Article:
Mortgage Professionals Should be Optimistic About the Future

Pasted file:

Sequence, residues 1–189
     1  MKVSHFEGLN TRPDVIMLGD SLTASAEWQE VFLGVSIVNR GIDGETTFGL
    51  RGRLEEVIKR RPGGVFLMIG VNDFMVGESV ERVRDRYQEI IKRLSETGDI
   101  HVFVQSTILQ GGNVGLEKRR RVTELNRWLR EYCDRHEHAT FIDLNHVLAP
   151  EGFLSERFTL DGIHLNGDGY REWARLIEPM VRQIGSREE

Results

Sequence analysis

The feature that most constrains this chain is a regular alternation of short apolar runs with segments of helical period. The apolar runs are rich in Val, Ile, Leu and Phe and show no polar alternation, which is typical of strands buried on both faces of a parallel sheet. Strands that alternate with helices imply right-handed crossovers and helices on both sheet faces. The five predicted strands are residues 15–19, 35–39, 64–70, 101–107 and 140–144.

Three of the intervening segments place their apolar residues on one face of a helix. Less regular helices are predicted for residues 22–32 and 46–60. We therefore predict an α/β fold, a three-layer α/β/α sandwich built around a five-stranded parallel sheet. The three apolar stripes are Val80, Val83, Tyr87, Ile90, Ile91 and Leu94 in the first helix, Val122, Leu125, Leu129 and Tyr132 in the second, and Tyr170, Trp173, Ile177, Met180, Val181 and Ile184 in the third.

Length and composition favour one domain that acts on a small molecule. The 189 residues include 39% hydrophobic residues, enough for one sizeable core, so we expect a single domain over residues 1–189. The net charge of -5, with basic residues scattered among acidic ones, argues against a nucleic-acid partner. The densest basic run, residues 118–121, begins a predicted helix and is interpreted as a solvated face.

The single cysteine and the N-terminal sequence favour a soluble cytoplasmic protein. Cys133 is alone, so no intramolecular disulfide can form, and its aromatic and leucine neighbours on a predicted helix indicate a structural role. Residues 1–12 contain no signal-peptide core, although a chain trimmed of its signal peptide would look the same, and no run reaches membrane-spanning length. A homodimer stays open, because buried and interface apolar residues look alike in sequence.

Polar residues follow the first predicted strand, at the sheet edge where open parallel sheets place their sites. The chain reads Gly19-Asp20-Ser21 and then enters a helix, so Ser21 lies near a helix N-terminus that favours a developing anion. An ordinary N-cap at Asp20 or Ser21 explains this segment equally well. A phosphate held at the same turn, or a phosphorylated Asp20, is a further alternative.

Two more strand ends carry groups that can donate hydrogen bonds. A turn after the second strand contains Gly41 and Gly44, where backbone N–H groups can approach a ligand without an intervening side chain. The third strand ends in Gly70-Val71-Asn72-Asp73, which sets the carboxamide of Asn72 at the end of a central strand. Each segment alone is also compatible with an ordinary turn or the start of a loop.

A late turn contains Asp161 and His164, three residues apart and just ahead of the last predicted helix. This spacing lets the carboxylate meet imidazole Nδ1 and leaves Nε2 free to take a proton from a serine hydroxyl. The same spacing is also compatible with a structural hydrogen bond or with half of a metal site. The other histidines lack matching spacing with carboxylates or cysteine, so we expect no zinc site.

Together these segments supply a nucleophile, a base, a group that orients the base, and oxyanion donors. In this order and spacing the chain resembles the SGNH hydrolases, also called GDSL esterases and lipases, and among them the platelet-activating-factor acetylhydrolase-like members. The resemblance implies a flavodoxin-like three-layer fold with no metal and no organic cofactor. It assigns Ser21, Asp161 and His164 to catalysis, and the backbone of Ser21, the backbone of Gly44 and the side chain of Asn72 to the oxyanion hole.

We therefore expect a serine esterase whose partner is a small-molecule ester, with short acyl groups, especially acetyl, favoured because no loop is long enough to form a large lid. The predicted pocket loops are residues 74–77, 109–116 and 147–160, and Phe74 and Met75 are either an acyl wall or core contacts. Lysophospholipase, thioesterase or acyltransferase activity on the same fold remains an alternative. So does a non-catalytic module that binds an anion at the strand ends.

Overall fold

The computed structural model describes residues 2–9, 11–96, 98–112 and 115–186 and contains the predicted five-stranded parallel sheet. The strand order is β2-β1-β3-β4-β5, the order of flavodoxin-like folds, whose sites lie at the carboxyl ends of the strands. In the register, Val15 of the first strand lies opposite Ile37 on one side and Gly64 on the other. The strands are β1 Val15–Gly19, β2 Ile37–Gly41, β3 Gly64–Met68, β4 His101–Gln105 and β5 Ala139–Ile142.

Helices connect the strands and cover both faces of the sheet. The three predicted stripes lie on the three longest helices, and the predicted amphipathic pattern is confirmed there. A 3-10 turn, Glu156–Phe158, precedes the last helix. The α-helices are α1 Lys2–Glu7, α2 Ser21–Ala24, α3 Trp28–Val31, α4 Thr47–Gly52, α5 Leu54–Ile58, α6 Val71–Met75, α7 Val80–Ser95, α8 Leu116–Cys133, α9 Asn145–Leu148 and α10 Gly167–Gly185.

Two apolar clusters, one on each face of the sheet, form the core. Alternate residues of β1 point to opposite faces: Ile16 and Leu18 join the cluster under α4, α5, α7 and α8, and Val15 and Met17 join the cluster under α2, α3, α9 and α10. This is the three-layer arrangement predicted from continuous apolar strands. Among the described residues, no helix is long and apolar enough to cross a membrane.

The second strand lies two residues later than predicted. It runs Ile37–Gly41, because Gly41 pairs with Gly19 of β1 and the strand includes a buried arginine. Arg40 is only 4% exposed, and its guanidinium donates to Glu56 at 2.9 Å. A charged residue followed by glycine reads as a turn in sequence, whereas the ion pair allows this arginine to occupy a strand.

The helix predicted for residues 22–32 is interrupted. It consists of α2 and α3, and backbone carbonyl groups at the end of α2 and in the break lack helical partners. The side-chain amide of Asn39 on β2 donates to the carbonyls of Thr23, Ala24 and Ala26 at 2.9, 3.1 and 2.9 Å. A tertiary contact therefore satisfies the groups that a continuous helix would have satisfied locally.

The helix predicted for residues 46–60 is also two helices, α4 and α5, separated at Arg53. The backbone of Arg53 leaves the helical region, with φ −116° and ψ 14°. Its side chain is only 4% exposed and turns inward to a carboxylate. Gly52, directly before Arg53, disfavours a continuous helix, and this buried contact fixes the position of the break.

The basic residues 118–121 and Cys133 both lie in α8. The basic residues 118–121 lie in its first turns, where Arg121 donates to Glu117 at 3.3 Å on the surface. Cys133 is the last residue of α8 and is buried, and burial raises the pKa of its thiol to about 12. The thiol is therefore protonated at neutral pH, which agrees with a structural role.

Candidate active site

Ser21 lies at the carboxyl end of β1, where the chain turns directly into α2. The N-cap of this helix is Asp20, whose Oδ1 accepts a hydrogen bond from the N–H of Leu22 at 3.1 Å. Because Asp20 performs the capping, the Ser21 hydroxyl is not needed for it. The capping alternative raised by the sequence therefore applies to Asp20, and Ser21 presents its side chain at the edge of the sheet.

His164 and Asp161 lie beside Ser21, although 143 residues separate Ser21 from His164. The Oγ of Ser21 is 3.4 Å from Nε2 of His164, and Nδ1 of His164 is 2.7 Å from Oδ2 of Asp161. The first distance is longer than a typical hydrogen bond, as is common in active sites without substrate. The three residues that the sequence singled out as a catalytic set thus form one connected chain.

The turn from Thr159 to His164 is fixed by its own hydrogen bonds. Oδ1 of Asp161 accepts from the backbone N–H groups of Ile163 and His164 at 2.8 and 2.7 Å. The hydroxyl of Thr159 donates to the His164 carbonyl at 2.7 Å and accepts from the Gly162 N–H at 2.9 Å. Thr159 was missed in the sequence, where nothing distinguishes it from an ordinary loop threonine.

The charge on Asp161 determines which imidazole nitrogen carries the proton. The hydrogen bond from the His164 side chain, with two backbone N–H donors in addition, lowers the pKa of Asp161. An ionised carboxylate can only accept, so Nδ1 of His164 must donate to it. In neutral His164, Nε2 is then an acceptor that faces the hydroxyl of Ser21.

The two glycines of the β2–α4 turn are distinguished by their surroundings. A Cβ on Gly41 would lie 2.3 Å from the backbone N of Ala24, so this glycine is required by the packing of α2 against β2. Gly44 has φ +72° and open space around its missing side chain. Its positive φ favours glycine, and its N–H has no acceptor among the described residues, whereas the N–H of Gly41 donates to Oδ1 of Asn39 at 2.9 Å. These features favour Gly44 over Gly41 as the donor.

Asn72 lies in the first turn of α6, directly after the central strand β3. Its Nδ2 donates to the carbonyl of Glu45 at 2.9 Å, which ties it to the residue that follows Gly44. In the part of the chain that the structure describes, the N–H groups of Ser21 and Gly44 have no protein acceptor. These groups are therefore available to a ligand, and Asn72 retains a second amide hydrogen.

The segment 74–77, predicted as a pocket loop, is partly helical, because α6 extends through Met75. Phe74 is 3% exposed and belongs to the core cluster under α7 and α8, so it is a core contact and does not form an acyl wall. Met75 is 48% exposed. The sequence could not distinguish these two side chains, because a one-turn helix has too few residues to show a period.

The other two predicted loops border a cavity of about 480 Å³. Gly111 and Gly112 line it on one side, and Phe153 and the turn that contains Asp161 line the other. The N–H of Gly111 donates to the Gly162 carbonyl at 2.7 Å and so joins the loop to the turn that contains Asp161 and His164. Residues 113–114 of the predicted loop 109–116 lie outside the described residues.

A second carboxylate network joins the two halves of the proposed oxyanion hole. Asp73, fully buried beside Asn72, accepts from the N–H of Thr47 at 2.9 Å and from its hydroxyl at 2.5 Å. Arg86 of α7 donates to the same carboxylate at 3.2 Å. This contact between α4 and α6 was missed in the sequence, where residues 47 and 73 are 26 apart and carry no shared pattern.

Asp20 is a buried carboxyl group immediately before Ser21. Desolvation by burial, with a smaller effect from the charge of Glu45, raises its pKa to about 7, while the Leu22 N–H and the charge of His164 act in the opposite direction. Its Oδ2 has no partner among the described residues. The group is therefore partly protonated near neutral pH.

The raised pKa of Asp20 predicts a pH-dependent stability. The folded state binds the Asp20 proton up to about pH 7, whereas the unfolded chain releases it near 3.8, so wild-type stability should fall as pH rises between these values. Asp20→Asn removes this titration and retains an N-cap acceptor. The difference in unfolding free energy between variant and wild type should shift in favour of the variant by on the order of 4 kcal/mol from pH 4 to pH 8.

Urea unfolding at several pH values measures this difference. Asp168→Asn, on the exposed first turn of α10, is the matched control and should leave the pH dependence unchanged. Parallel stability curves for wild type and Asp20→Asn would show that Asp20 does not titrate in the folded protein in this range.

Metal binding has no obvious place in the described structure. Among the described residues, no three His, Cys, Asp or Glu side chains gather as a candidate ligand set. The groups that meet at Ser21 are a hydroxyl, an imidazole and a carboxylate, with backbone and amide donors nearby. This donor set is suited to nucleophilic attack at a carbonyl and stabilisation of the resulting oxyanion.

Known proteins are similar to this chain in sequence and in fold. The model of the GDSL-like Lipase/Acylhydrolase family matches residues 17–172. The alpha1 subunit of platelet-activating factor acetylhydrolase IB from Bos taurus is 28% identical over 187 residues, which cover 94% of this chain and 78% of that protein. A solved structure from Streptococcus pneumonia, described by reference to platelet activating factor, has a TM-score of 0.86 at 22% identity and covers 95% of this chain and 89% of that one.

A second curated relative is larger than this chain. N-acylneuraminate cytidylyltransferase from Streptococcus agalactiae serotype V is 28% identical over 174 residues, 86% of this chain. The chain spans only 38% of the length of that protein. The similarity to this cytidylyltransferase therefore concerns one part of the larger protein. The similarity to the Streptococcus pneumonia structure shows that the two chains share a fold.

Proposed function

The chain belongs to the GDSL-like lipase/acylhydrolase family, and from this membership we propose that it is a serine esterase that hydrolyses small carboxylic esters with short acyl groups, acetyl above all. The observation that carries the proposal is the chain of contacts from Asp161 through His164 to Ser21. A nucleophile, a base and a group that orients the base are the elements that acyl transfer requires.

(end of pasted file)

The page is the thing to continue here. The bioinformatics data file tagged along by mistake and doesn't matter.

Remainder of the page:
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54 | Th e M Rep o RT o r i g i nat i o n s e r v i c i n g a na ly t i c s s e c o n da r y M a r k e t ANALYTICS THE LATEST Home Prices outpacing incomes in More Markets Are new home price bubbles forming, or will we soon see appreciation plateau? M ore than one in five U.S. housing markets had surpassed their local historical home affordability average as of October, according to a report released last month by property information firm RealtyTrac. Out of 475 U.S. counties analyzed by the company, 98, or 21 percent, registered a higher affordability percentage than their historical average. (Affordability percentage is defined by RealtyTrac as the percent of median income needed to make monthly payments on a median- priced home with a 10 percent down payment.) The group includes a number of markets where supply and demand conditions have sent prices skyrocketing—including California's Los Angeles, Alameda, and Orange counties—and other areas where local economic condi- tions have boosted the housing market, such as Texas' Harris, Dallas, and Travis counties. "While 99 percent of markets have not returned to the irratio- nal affordability levels during the previous housing bubble, one in five markets have now exceeded their historical affordability norms, which is a strong sign that either a new home price bubble is forming in those markets or that home price appreciation will soon plateau until incomes can catch up," said Daren Blomquist, VP at RealtyTrac. In addition, 58 counties—12 per- cent of all markets analyzed—posted a median home price in October that was higher than the median recorded at their bubble-era peaks, and values are continuing to rise. However, with interest rates still low and incomes slowly coming up, only six counties are currently considered less affordable now than they were before the crash, accord- ing to RealtyTrac: • Suffolk County, Massachusetts (Boston) • Travis County, Texas (Austin) • Jefferson County, Alabama (Birmingham) • Brazos County, Texas (College Station) • Allegan County, Michigan (Holland) • Montgomery County, Tennessee (Clarksville) Across all counties, buying a median-priced home in October re- quired 26 percent of median income on average, down from an average of 41 percent during the bubble. RealtyTrac isn't the only firm reporting a decline in affordabil- ity nationwide. According to's 2014 Home Affordability Study, middle-income families can afford a median-priced home in fewer than half of the country's 25 largest metropolitan areas. While home- price gains have slowed to a more reasonable rate of 4 percent nation- ally over the past year, they're still outpacing wage growth. Incomes have picked up just 2 percent, pointed out. "The bottom line is that buying a decent home remains a difficult or unobtainable dream for Americans in many of the nation's largest cities," said Mike Sante, managing editor at "In those cities with the least affordable housing, the failure of paychecks to keep up with rapidly rising housing costs is reaching crisis proportions." In some cities, Sante says it's not uncommon for families to spend more than half of their income just on housing costs. In its 2014 survey, found only a handful of markets where median household incomes exceed the cost of a median-priced home: Minneapolis-St. Paul, St. Louis, and Atlanta. Factoring in average property taxes, insur- ance costs, consumer debt, and mortgage rates, median incomes in those markets came in above the minimum amount required to purchase a median-priced home by at least 20 percent. Minneapolis-St. Paul ranked the highest in this year's affordabil- ity study. At $67,194, the median income in the Twin Cities metro outpaces the minimum amount needed to buy a median-priced house by 23.2 percent. On the other hand, San Francisco ranked as the least affordable market in's study, taking the bottom spot for a second straight year. The City by the Bay boasts a median home price of $769,600, the nation's highest. A family earning the median income of $355,703 could only afford a home that was less than half of that median price. "I've even had San Franciscans tell me that they must devote 70 percent of what they make to keep a roof over their head—and they were renting. Owning is out of the question," Sante said. Joining San Francisco as some of the nation's least affordable hous- ing markets are San Diego, Los Angeles, New York, and Miami. Besides having higher-priced homes than many other areas, says all of these metros have something else in common: They're hemmed in by oceans or mountains, leaving little room to develop new housing. While those markets are likely to remain on the pricey side for the foreseeable future, analysts expect the ongoing slowdown in price growth will help level things out. According to the latest measure of appreciation from FNC Inc., house prices across the country dropped 0.3 percent month-over-month in September, marking the first decline in two and a half years. Within a day of FNC's index release, Arch Mortgage Insurance Company (Arch MI) issued its own report that the probability that home prices will drop in the next two years continued to fall in second quarter of 2014, reflecting in- creasingly stable market conditions. Looking at economic and hous- ing market indicators in the second quarter, Arch MI says there's a 13 percent chance national home prices will decline in the next two years, down from the company's summer estimate of 15 percent. "The bottom line is that buying a decent home remains a difficult or unobtainable dream for Americans in many of the nation's largest cities." — Mike Sante,

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